Issues in Biology

The mind-body problem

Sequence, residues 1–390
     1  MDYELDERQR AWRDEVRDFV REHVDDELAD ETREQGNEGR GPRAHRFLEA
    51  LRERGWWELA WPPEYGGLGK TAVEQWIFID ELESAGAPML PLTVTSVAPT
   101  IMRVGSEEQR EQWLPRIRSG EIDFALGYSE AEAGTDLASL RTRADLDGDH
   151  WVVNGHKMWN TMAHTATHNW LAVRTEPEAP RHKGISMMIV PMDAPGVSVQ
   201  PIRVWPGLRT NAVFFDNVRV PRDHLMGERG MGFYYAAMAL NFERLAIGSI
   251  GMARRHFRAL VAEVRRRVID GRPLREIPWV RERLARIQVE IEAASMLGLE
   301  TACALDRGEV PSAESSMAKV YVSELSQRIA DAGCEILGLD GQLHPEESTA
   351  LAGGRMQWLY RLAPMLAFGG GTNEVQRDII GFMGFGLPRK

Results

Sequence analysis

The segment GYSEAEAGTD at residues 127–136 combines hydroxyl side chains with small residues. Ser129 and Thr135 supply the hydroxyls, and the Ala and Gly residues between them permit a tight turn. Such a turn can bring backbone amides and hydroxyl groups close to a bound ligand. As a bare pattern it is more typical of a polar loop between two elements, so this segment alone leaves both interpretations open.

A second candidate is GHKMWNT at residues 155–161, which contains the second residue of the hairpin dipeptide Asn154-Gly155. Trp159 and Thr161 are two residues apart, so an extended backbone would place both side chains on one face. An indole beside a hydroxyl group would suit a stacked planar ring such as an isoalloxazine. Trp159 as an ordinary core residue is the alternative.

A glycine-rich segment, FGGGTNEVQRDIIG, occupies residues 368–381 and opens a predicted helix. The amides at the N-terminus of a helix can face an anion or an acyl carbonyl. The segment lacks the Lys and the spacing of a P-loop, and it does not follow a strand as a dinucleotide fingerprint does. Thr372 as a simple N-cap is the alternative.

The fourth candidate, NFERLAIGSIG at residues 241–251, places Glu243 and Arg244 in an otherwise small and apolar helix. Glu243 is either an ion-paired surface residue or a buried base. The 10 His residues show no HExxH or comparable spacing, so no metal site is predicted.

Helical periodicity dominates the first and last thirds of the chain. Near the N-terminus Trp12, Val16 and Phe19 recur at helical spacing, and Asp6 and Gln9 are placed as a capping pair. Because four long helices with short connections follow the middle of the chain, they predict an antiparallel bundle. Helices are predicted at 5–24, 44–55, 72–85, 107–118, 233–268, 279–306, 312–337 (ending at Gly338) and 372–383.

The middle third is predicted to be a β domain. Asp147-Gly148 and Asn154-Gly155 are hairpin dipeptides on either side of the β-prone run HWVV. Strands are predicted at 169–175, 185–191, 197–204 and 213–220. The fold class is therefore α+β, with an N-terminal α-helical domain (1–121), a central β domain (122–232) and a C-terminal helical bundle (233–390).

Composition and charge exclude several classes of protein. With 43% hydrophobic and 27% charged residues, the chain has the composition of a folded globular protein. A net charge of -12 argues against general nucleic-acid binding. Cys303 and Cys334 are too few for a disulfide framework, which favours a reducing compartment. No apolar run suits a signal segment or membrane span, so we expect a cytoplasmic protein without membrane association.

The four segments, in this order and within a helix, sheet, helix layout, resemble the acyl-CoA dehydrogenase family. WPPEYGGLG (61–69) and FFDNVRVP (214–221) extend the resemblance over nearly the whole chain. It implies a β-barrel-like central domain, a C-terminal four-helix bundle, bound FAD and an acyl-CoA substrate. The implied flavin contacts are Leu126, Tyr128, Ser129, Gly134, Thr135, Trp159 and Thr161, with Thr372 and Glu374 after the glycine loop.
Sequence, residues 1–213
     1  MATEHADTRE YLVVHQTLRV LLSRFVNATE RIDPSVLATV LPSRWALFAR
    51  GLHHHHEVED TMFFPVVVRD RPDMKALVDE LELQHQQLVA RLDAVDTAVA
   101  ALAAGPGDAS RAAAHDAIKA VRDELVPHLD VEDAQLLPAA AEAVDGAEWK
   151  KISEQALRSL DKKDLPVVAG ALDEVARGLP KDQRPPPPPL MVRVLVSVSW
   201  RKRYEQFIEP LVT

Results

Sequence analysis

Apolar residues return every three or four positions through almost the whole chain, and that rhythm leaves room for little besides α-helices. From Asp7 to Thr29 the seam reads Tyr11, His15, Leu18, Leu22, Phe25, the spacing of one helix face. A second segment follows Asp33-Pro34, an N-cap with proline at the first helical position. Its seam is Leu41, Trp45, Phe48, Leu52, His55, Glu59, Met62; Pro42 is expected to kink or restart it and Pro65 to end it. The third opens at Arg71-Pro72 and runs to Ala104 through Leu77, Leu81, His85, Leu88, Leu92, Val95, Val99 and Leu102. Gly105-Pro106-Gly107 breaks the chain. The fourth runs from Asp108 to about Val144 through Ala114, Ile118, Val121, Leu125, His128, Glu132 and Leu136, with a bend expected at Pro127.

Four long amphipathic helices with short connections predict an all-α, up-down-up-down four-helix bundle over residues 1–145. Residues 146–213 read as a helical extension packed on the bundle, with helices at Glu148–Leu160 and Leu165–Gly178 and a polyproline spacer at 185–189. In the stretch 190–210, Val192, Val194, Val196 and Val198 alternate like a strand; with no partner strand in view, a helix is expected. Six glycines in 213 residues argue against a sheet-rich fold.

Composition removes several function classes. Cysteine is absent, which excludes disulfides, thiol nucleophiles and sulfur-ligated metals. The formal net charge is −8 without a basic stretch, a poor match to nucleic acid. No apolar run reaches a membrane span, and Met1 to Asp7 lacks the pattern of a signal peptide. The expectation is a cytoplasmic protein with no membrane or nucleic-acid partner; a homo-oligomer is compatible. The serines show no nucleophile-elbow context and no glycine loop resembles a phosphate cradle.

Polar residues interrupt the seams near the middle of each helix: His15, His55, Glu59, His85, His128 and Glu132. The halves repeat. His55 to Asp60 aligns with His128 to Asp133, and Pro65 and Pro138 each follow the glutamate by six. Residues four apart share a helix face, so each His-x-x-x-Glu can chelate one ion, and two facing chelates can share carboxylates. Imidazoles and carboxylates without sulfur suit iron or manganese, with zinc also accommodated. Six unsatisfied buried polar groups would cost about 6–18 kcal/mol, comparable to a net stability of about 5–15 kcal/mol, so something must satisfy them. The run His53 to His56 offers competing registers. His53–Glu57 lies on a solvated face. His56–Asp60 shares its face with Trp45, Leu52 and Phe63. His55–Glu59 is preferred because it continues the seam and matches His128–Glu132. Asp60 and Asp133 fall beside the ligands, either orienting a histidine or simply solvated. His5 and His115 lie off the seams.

To address the mind-body problem is really to ask about the origin of consciousness. Before plunging right into the topic and explain consciousness, it might be worthwhile to look at where consciousness is not supposed to be. For this we have to take a step back from our anthropocentric believe that human consciousness is the most evolved one. Therefore our approach to consciousness should go somehow like the following. It would be ignorant to say that animals have no consciousness, though we agree that plants and microorganisms do not have consciousness due to a lack of a nervous system. It would further be ignorant to assume that animal consciousness is 'all the same' and equal to that of humans. Furthermore, as I am not walking into a tree, but choose to walk around it so as not to hurt myself, or simply because I know that a tree would never step aside for me to continue on my path, a bird does not fly into a tree, but chooses to fly around it, so as not to hurt itself, or because it must know that the tree will never move away. The choice to avoid bumping into a tree by both man and bird are due to awareness or what we could call consciousness. It would be presumptuous to call the human's choice conscious, and the bird's choice instinctive, a mere reflex. The question that begs to be answered is of course not the one about bumping into trees, but if birds have philosophical thoughts, in other words, memory, history, and culture. It is this kind of higher consciousness which is addressed by the mind-body problem (and which we attribute to the conditio humana or man's second Nature), and not the instinctive behavior of animals, the reactions of plants to sunlight and humidity, or the swimming behavior of bacteria towards a source of nutrients. We don't associate with metabolic activities of organs other than the brain any kind of consciousness or awareness. We do not think with our liver or biceps, but our brain. So what makes the neuronal metabolism special? The most often heard answer is that about complexity. The complexity of the brain's structure and chemical composition, that somehow this complexity creates a new category of functional properties. This complexity enables us to think and dream, calculate and talk, see and draw. Sensory input is as important an element in this model as moto-neuronal control (the brain controlling leg muscles after seeing a tree). But again, these are basic tasks that most animals can handle too. What we are most in awe of about our selves as humans, and this is how we would like to distinguish us from animals, is our ability to think, exercise free will, accept morality, and to be creative. As it turns out, there are currently neither biological  nor physico-chemical answers to what consciousness is, how the mind is created by the body's brain (assuming it is a property of the brain and no non-biological entity). Every scientific expert in consciousness research has his or her own favorite explanation. Theories are abundant, experimental evidence scarce.

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